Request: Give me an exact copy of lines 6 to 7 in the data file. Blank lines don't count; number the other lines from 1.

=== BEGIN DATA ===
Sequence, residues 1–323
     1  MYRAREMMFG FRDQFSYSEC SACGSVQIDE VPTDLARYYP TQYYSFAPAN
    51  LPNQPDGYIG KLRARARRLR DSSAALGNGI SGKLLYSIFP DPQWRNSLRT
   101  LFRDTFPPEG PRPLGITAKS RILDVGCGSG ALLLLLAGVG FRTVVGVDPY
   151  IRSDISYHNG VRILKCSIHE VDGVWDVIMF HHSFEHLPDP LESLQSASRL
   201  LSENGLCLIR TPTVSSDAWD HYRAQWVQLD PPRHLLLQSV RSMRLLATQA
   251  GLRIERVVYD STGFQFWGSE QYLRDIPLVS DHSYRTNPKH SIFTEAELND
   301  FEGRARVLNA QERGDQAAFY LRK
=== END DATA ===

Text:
   201  LSENGLCLIR TPTVSSDAWD HYRAQWVQLD PPRHLLLQSV RSMRLLATQA
   251  GLRIERVVYD STGFQFWGSE QYLRDIPLVS DHSYRTNPKH SIFTEAELND